Who is the speaker in "The Weary Blues" by Langston Hughes?

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The speaker in "The Weary Blues" never reveals to us who he actually is. However, we know that he is involved to an extent in the jazz scene on Lenox Avenue; he knows not only the meaning of technical musical features as syncopation, but also what happens to the "Negro" piano player at the end of the night.

We can assume that the speaker has an affinity with the blues, based on his exhortations--"O Blues!" He also seems to have a particular interest in music, which might echo from "a black man's soul."

The final stanza of this poem is what really complicates the matter. The speaker, it seems, is not a simple bystander. If this were the case, how could he know that the pianist "slept like a rock or a man that's dead" after his concert? We could interpret this stanza as a step outside the scene of the poem as the speaker becomes somewhat omniscient. Alternatively, we could infer that the narrator knows the piano player or that the narrator is sufficiently familiar with the scene, and with the feelings of people in the black community, to begin to imagine how the man might have slept after such a performance.

The ultimate answer to this question is that we do not know, but we do know that the speaker is someone who is interested in communicating to the wider world what this community values.

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Who is the narrator of "The Weary Blues"?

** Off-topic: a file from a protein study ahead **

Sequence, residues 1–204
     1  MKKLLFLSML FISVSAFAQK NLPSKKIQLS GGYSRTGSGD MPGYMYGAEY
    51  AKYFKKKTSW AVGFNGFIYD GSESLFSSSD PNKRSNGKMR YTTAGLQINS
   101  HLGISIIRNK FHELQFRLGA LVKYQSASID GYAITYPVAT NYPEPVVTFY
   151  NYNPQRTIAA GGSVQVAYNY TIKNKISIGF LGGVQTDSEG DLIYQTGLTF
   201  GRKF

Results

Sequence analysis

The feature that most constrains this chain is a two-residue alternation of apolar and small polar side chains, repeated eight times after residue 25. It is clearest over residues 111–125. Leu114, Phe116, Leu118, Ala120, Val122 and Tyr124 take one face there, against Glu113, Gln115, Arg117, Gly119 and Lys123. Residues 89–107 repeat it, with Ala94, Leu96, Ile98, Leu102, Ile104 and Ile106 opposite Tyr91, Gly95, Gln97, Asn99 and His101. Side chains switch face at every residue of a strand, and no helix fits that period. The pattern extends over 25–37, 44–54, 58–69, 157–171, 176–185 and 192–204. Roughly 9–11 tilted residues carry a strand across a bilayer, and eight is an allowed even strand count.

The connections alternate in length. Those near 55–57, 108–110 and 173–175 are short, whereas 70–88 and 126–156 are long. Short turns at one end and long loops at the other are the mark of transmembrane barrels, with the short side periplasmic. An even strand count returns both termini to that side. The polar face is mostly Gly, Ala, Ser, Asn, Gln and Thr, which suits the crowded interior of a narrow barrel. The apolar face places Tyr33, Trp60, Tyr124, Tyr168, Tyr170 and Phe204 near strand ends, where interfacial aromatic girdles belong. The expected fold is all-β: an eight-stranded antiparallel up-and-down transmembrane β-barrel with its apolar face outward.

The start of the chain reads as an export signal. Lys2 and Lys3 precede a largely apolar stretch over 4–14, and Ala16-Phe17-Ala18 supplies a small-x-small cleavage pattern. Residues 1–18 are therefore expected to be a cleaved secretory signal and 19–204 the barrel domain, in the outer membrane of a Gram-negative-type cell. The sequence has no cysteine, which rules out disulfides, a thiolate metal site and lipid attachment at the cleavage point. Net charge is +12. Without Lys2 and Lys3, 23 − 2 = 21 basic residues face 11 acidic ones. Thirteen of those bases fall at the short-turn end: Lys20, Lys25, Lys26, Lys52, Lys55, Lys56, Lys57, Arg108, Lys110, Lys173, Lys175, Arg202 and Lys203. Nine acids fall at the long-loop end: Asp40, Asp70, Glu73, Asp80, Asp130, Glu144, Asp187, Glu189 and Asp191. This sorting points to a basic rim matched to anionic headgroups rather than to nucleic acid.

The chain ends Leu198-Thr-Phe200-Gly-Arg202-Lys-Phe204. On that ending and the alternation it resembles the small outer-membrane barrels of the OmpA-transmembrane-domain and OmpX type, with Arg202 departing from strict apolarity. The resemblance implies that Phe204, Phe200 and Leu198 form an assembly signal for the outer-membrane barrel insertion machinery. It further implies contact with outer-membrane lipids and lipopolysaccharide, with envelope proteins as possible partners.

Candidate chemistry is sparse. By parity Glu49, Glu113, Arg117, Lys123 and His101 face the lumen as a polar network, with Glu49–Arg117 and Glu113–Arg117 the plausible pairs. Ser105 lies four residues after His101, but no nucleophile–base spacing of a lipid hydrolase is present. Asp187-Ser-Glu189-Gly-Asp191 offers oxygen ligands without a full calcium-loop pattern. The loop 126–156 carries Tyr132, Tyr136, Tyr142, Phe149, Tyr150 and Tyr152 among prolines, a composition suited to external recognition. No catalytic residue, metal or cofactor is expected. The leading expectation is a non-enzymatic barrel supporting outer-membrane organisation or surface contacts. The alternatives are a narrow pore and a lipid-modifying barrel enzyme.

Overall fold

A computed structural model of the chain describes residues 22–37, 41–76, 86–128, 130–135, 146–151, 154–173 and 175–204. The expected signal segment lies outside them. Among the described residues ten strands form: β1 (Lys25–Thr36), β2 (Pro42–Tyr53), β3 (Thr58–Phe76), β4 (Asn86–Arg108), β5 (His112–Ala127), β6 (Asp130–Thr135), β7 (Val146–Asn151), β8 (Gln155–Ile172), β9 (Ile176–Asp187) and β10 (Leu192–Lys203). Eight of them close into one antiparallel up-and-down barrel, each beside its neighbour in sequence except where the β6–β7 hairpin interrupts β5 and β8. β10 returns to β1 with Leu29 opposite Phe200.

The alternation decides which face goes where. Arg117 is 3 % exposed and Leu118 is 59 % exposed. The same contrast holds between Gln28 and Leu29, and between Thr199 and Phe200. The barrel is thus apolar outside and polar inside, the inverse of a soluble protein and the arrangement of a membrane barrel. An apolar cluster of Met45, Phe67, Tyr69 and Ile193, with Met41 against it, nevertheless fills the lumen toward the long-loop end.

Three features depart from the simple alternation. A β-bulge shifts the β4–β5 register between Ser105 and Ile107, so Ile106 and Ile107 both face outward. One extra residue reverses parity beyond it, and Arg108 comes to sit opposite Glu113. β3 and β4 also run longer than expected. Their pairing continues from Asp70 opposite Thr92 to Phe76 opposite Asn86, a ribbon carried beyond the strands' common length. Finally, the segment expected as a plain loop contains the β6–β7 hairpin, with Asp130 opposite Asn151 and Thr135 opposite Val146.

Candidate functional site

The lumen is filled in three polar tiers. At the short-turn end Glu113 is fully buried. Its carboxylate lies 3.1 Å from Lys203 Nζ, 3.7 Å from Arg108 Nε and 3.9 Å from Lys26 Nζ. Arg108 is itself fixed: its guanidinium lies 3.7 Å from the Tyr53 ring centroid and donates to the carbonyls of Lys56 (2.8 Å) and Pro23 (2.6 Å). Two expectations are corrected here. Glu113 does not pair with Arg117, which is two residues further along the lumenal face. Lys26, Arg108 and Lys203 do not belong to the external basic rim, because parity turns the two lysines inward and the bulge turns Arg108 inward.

The narrative voice of "The Weary Blues" is in the first person. The narrator describes the events s/he experiences, but does not give us any detailed self-description.

There are a few possible reasons why we do not get a self-description of the narrator.

One might be that we should assume that the narrator is, in fact, the poet himself. This is not, however, a supportable assumption, as the narrative voice a poet crafts, however it may exploit autobiographical details, is still shaped by literary exigencies. Thus it is better to think of a narrative voice as a quasi-character in this sort of poem.

Another reason for the lack of narrative self-description is to maintain the focus of the poem on the piano player rather than on the narrator.

The narrator is known to us only as a person who listens to the piano player (and refers to the piano player in the third person -- which would be rather odd if they were the same person). The narrator does have privileged information about what happens after the performance. Consider as you analyze the poem that most members of the audience would not be likely to know:

The singer stopped playing and went to bed

While the Weary Blues echoed through his head.

He slept like a rock or a man that's dead.

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